Previously, trading curbs and halts were steps that the equity markets used to minimize volatile trading during a market session.
As of November 2, 2007, the rule that created trading curbs was rescinded.
Trading curbs placed limitations on index-arbitrage trading. On a day when the Dow Jones Industrial Average (DJIA) dropped a certain number of points, any index-arbitrage market sell order must be filled at a price higher than the previous sale. The goal of trading curbs was to slow a steep decline by limiting index-arbitrage activity. Conversely, when the DJIA moved up that same number of points or more, any index-arbitrage market buy order must be filled at a price lower than the previous sale.
These curbs did not affect trades placed by the average investor.
Trading halts are still in use.
Trading halts are implemented when the DJIA drops 10%, 20% or 30%. A trading halt ends all trading for a limited time period. Trigger levels for first quarter 2011 are: 1,150 points, 2,300 points and 3,450 points.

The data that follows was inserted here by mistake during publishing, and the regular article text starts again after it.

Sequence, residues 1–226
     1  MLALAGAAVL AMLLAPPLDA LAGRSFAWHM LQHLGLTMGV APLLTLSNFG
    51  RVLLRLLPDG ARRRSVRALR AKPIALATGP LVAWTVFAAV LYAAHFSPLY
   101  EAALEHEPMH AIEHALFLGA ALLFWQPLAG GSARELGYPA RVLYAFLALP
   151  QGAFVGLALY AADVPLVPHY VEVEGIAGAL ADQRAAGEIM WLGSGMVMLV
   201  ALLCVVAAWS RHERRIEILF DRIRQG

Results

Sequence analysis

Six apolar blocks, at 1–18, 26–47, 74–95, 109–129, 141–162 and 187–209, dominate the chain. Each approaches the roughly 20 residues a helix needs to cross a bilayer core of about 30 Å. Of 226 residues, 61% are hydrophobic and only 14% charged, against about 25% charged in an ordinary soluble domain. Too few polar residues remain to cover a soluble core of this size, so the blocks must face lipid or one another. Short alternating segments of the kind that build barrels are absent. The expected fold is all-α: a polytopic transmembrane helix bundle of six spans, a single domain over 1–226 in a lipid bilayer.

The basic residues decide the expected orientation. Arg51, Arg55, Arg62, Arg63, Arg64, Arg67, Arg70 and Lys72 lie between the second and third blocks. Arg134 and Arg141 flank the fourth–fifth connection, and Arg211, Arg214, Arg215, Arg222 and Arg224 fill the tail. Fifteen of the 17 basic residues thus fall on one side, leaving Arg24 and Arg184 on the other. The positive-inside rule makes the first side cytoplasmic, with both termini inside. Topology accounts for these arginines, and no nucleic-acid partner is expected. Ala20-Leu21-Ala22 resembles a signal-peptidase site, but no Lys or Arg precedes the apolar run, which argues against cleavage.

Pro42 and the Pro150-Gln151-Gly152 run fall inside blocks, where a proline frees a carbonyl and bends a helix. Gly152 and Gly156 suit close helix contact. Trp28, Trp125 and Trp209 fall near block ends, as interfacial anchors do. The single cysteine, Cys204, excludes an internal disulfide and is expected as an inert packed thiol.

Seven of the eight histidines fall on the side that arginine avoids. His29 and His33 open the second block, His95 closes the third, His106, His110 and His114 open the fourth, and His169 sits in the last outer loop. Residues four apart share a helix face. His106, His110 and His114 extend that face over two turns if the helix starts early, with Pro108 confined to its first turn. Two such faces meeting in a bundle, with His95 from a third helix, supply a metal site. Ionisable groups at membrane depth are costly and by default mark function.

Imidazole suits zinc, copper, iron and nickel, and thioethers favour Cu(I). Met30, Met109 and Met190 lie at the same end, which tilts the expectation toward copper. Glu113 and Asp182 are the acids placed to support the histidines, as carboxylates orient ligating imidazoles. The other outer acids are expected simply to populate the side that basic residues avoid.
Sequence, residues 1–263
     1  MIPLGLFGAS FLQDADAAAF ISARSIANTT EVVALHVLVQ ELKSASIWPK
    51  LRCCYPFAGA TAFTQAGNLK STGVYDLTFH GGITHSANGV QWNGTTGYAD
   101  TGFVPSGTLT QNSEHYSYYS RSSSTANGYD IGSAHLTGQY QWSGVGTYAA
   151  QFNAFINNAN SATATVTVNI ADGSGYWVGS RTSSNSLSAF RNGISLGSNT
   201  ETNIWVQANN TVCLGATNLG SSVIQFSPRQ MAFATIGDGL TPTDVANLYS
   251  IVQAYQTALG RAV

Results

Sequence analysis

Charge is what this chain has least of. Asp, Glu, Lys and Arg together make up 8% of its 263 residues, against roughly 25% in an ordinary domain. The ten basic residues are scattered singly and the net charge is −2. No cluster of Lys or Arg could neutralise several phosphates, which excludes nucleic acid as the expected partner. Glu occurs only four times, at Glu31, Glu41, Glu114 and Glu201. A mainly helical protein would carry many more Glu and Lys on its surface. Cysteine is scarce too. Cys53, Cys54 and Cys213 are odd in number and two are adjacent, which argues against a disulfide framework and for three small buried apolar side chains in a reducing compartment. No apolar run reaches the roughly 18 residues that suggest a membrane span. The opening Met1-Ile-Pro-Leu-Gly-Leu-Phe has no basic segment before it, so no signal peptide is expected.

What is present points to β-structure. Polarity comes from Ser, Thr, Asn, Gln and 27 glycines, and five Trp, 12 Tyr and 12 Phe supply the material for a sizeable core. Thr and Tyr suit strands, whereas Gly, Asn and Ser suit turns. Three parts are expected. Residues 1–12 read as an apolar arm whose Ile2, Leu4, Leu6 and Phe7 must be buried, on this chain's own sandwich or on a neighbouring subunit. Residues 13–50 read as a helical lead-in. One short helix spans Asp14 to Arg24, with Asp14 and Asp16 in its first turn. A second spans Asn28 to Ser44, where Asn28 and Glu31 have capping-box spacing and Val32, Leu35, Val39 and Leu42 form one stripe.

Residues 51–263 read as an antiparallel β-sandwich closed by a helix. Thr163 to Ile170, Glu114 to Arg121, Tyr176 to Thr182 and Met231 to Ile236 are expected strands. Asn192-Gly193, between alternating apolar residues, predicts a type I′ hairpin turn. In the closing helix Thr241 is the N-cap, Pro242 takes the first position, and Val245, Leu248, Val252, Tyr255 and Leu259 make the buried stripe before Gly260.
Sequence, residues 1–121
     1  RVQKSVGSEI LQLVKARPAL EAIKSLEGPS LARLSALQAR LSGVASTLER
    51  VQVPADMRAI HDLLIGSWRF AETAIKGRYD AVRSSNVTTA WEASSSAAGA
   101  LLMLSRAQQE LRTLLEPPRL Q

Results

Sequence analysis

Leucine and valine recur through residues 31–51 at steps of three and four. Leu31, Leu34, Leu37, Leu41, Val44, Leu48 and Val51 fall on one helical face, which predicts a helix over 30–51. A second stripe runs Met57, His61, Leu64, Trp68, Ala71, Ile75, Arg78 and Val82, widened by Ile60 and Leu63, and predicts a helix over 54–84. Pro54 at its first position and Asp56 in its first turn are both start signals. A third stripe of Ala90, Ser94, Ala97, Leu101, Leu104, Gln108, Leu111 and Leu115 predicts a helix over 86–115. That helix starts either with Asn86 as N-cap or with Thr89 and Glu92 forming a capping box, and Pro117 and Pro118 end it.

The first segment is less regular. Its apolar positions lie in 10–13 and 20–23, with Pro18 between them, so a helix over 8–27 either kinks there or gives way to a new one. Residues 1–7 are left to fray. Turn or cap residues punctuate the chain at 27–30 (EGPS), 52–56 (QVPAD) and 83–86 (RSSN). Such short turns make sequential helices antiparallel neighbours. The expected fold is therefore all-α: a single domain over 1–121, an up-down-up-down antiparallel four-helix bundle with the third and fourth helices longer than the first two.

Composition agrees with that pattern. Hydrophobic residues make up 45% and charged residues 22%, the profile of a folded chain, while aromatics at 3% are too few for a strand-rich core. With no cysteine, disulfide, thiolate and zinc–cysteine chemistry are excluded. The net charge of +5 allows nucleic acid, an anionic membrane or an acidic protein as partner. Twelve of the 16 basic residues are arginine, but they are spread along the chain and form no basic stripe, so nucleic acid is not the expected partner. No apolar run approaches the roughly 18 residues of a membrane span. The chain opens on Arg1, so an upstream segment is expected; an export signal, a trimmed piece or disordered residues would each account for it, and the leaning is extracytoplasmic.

If the DJIA drops 1,150 points during any one day before 2 p.m. EST, trading on the New York Stock Exchange (NYSE) will be halted for one hour. If the drop occurs between 2 p.m. and 2:30 p.m., the halt will last for only 30 minutes. If the drop occurs after 2:30 p.m., trading will not be halted.
If the DJIA drops 2,300 points before 1 p.m., trading will be halted for two hours. If the drop occurs between 1 p.m. and 2 p.m., the halt will be for only one hour. If the drop occurs after 2 p.m., trading will be halted for the remainder of the day.
If the DJIA drops 3,450 points at any point during the day, trading is halted for the remainder of the day.
In each case, the halt is instituted to allow investors to step back, evaluate what news is moving the market, and then make their decisions.
For more information, please contact Henssler Financial at 770-429-9166 or [email protected].